President Nana Addo Dankwa Akufo-Addo has urged Ghanaians trained in oil and gas to transfer knowledge to the people to help cut down the cost involved in hiring expatriates to build capacity in that sector.
He also charged them to be role models of excellence and demonstrate to the world that their skills were as good as those of their counterparts elsewhere.
The President was speaking when he welcomed nine lecturers from the various technical training institutions in the country who had returned home after undergoing training in Canada to the Jubilee House in Accra last Monday.
They underwent an 11-month training at the Northern Alberta Institute of Technology in Edmonton, Canada, as master instructors.
Apart from pipe-fitting, they also received advanced certificates in welding and mechanical engineering.
The beneficiaries, who comprised seven males and two females, began the training in January this year as part of the government’s accelerated oil and gas capacity (AOGC) programme.
They are Emmanuel Marcus Abaidoo and Daniel Kyei-Kankam, both from the Takoradi Technical Institute; Isaac Oppong, the Kikam Technical Institute, and Frank Nana Osei, the Takoradi Technical University (TaTU).
The rest are Abdul Hamid Mohammed, the Tamale Technical University; Wise Kwashie Klomegah, the Ho Technical University; Samuel Garriba, the Cape Coast Technical University; Gladys Perpetual Awudi, the Koforidua Technical University and Esi Quainoo, the Takoradi Technical Institute.
President Akufo-Addo said the government was making huge investments in the oil and gas sector, including the hiring of expatriates.
“As pioneers, you have the responsibility of ensuring that those coming after you, those you will be training, will recognise the value of what you have and the role they can play in the development of the country,” he added.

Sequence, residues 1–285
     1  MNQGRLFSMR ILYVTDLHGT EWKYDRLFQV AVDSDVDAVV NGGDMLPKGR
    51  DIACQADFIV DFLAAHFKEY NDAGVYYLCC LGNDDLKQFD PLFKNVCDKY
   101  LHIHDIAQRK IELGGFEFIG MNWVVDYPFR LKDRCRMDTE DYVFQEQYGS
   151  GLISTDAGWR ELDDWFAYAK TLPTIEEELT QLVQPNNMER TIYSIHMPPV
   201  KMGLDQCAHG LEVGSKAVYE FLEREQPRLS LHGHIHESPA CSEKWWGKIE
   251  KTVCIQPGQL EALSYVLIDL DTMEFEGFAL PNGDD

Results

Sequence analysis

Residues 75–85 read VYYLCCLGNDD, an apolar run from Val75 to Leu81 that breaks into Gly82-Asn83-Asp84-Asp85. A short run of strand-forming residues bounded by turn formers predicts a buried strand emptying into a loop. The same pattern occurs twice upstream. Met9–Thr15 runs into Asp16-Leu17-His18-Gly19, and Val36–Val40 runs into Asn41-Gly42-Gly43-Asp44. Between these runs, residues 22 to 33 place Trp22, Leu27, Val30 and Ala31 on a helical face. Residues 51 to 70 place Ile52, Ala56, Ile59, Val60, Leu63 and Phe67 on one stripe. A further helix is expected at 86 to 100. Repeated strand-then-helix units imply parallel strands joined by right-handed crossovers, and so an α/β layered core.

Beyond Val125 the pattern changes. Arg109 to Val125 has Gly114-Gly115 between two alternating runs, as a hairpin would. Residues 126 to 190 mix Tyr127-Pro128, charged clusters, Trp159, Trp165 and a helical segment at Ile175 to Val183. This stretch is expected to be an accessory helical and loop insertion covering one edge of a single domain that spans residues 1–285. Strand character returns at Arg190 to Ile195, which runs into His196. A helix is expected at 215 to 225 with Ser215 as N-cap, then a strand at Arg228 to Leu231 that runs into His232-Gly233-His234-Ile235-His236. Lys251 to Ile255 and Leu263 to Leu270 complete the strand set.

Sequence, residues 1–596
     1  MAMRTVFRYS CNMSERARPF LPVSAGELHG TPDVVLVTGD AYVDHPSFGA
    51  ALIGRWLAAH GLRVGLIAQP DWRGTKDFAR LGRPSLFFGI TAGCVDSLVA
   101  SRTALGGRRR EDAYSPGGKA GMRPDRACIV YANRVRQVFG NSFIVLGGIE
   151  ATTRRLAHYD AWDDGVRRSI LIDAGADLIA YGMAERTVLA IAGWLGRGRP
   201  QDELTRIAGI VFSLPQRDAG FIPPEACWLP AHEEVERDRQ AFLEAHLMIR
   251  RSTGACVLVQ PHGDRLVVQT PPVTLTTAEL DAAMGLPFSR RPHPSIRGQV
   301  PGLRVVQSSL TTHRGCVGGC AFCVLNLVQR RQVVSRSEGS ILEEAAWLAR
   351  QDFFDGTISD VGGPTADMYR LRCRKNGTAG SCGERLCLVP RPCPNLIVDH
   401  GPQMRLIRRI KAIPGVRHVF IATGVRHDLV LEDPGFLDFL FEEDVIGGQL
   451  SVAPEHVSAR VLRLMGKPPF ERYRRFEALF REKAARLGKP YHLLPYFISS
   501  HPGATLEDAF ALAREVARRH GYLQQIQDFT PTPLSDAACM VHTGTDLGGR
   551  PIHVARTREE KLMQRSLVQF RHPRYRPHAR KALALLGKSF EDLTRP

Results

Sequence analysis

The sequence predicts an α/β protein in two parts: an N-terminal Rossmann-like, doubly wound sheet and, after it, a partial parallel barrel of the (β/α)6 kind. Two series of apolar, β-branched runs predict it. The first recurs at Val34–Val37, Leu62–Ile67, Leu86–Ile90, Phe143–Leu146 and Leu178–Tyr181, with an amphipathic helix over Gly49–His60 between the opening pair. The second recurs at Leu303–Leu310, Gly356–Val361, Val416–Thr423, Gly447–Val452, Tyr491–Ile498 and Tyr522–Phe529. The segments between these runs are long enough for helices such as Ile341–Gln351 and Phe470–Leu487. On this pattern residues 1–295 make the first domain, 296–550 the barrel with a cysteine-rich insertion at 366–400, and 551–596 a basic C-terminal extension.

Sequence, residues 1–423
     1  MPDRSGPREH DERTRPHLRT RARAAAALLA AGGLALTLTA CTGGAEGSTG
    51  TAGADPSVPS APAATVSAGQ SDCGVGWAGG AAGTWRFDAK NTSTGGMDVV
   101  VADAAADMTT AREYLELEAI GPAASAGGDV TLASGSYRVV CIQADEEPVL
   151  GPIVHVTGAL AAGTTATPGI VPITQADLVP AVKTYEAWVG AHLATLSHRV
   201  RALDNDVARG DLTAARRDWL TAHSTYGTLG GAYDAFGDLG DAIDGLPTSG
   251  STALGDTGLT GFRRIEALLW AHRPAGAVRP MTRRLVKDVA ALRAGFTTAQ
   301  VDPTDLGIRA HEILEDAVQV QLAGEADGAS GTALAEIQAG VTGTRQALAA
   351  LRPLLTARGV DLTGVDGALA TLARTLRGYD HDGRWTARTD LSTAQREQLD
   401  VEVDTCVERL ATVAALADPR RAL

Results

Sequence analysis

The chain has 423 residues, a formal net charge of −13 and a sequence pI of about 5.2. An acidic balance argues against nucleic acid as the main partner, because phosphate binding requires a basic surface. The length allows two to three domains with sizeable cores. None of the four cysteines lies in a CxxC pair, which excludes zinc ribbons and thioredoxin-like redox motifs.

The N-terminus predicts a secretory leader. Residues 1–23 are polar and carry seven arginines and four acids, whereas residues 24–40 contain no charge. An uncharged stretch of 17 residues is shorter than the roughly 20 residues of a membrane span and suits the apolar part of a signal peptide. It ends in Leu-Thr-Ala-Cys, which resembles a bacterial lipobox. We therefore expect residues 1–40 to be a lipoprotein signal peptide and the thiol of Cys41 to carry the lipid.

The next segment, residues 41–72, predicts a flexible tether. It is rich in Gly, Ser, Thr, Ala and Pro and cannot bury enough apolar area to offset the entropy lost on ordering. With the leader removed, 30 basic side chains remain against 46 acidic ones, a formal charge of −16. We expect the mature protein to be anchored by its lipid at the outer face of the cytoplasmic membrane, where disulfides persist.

He gave an assurance that the government would continue to offer support to the industry and expressed the hope that the nation would reap maximum value from their training.
The Chief Executive of the Petroleum Commission, Egbert Faibille, said there had not been any technical institution that trained and certified pipe fitters in the country since independence.
He said anytime there was the need to work on pipe-fitting in the upstream oil industry, they had to bring in expatriates, at great cost to the nation.
The objective of the sponsored training was, therefore, to ensure that those trained in Canada would rejoin their respective faculties and offer pipe-fitting as a stand-alone discipline, the CEO said.
He said the commission had obtained a $5m grant from Aker Energy to build a world-class welding and pipe-fitting centre at the TaTU, which might be replicated in other regions for the training of the youth, in line with international standards.
Mr Faibille further said the commission had sponsored the training of 150 people who, on completion of the training, would obtain the City and Guilds International Vocational Certification Level Three in instrumentation, mechanical and electrical engineering.